PAGER - Common Building Types
Reinforced concrete frame building with masonry infills
Approximately 80 percent of Turkey's urban households live in mid-rise apartment blocks constructed of cast-in-situ, reinforced concrete with masonry infill. The vertical structure consists of columns 200-300 mm in thickness, longer in one direction than in the other, and designed to fit within the walls. Floor and roof slabs are of "filler slab" construction, with hollow clay or concrete tiles used to form the voids, and are usually supported by reinforced concrete beams. In some cases the framing is flat-slab construction. The reinforced concrete frame is infilled with hollow-tile or masonry-block walls which are rarely connected structurally to the frame. These buildings have not performed well in recent earthquakes because poor design and construction have resulted in insufficient lateral resistance in the framing system. In many cases, this has been coupled with an inappropriate building form. Notwithstanding the existence of earthquake-resistant design codes for more than 30 years, many buildings have not been designed for an earthquake of a magnitude that could occur within the building's lifetime.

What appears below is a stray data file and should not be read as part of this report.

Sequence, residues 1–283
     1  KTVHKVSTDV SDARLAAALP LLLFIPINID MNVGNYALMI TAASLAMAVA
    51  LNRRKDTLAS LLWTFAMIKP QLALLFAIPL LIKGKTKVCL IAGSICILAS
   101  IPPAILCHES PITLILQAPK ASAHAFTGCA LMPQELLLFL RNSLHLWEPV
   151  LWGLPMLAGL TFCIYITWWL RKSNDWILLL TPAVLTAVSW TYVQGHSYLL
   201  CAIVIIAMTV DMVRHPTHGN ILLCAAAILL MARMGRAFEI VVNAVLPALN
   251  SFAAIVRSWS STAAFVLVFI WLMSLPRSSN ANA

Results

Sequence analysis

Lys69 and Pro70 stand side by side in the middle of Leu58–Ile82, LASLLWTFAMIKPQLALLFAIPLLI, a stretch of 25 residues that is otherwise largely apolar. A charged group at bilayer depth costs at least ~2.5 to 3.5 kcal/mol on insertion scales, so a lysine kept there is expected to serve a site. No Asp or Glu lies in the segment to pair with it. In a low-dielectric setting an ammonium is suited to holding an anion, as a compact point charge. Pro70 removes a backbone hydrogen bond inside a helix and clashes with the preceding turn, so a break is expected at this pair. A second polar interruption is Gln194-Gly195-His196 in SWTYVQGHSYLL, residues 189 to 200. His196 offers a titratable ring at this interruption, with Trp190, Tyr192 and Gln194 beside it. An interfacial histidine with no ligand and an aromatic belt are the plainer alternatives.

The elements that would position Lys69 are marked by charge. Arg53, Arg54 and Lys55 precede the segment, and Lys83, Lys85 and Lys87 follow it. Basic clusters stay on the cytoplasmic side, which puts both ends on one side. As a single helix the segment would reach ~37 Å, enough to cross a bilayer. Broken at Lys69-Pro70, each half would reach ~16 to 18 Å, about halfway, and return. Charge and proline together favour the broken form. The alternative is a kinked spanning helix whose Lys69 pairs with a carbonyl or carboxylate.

Reference: EERI and IAEE\'s World Housing Encyclopedia (Report #64) - Polat Gulkan, Mark Aschheim, Robin Spence
Tunnel form building
This type of rapidly constructed, multi-unit residential form has been used in Turkey since the late 1970s and early 1980s. It has demonstrated superior earthquake resistance and has also been increasingly utilized as permanent housing in post-earthquake reconstruction programs. Initially, the tunnel form building was targeted for multi-unit residential construction for public or privately sponsored housing projects. Typically, a single building may contain 15 or more stories and up to 40 or 50 residential units.
Reference: EERI and IAEE\'s World Housing Encyclopedia (Report #101) - Ahmet Yakut, Polat Gulkan
*Building types and their descriptions are taken from the World Housing Encyclopedia (WHE) database when available or based on additional research performed by the PAGER team. This information is provided with the understanding that it is not guaranteed to be correct or complete, and conclusions drawn from such information are the sole responsibility of the user.